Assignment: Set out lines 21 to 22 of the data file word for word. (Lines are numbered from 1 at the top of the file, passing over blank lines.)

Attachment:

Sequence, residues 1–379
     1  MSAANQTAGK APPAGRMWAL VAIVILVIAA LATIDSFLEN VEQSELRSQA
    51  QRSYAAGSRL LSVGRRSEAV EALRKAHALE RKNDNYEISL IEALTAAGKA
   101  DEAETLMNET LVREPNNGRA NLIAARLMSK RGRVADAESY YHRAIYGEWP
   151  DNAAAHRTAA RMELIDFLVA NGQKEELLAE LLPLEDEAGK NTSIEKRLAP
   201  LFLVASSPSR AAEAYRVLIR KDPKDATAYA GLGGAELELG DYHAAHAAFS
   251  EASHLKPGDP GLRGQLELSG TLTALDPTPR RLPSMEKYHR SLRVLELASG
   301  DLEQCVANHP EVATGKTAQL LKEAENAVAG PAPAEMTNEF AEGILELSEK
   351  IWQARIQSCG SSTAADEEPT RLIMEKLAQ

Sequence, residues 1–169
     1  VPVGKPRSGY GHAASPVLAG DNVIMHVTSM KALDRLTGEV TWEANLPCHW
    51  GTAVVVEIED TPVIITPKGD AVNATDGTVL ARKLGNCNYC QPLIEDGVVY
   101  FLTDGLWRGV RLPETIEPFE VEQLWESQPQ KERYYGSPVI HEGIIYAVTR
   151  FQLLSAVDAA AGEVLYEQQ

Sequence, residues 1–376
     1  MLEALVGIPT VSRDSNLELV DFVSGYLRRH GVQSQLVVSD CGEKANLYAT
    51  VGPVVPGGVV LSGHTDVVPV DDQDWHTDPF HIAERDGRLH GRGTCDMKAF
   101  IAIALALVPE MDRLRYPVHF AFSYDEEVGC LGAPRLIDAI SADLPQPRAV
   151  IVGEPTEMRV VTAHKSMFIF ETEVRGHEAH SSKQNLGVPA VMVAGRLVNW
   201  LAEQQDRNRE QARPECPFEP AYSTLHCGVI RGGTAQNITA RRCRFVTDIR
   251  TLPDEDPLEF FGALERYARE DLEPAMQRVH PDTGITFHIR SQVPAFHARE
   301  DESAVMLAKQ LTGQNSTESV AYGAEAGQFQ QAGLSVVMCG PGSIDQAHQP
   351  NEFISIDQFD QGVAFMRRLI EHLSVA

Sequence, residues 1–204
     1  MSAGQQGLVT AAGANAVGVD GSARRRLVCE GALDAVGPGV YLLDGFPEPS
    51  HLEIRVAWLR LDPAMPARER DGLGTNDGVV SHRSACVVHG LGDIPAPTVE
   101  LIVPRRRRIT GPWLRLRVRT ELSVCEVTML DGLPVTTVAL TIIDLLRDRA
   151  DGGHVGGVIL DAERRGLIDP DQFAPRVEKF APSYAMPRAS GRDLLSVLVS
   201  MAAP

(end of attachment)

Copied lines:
   251  TLPDEDPLEF FGALERYARE DLEPAMQRVH PDTGITFHIR SQVPAFHARE
   301  DESAVMLAKQ LTGQNSTESV AYGAEAGQFQ QAGLSVVMCG PGSIDQAHQP